X continued to have monthly treatments during this time and her marriage did break up in May 2012 triggering a huge migraine. Over the next few months she had headaches and symptoms but no full migraines, so we worked hard at bringing her stress under control. She struggled with stress and anxiety for a while following the marital breakup but did not have another migraine until April 2013. X continued to struggle with work related stress and had another migraine 6 months later.
I continued working with X on a monthly basis until September 2015 when due to changes in circumstances we were no longer able to work together. After October 2013 she had no further migraines although she occasionally suffered with minor symptoms.
Over the course of the treatments I feel we were able to restore some hormonal stability. It is my opinion that her migraines were extremely closely linked with her menstrual cycle, but that her stress and anxiety levels were the critical factor in whether or not she would have a full migraine. When her life was in a fairly good balance, her own self-care, coupled with regular Reflexology meant that she didn’t experience migraines on a monthly basis any more.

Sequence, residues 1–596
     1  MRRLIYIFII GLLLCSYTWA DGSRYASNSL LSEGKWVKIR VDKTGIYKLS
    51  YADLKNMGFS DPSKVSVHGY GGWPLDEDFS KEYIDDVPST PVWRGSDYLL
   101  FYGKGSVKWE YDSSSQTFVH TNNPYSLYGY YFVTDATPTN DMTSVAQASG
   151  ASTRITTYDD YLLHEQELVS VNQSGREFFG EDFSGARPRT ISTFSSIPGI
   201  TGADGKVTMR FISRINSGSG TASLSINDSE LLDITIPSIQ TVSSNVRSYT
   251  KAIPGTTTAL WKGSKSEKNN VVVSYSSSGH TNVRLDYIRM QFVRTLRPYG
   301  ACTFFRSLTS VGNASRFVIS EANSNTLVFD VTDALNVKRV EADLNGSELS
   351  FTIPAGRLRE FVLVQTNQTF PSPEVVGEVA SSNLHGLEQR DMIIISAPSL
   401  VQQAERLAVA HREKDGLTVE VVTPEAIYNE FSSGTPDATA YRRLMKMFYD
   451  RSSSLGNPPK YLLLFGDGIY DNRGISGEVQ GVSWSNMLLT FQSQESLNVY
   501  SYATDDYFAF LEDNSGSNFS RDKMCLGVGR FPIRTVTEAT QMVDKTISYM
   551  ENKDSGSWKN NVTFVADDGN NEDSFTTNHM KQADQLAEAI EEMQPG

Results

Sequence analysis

If you live in Bristol and suffer from migraines, please call me on 0117 950 6629 or 07811 619860 to discuss a treatment plan.
Posted by kate on January 27, 2016
This is my favourite soup at any time of year, as it is packed with protein and vitamin C. However it is during the cold and gloomy winter months when it really comes into its own, not only because it is deeply warming but also bright and colourful.
1 Butternut Sqaush
1 small red chilli
200g red lentils
2 tsp cumin
Salt and pepper
This soup couldn't be easier to make. Peel and roughly chop the vegetables. Finely chop the chilli. Place all ingredients into the slow cooker, and cook on low for 4 - 6 hours. Then transfer to a blender and blend until smooth. Serve with bread and hummous.
And smile from the inside!
Posted by kate on January 22, 2016
How are you getting on with your New Year Resolutions? Have you given up already?
Well don't lose heart! Most resolutions flounder because they are too large and overwhelming. If your aim was to improve your diet, why not start with just one change, and make it positive. Introduce one new thing into your routine, like drinking more water, or eating more fruit, and try to keep that up for three weeks. By the end of three weeks it will have become a habit, and then you can try introducing another positive change.
Another reason resolutions fall by the wayside, is because they are framed in a negative way. People talk about giving up, which creates a negative feeling of deprivation around their goal. So instead of giving up smoking, why not just stop smoking? Instead of giving up chocolate, why not eat more fruit? Any lifestyle change around food, which focuses on not being able to have certain things, as most diets do, may become unsustainable in the long term. Try introducing more fruit, vegetables and legumes into your diet. If you crowd your meals with nutrient rich healthy food, you will have less room in your stomach for junk.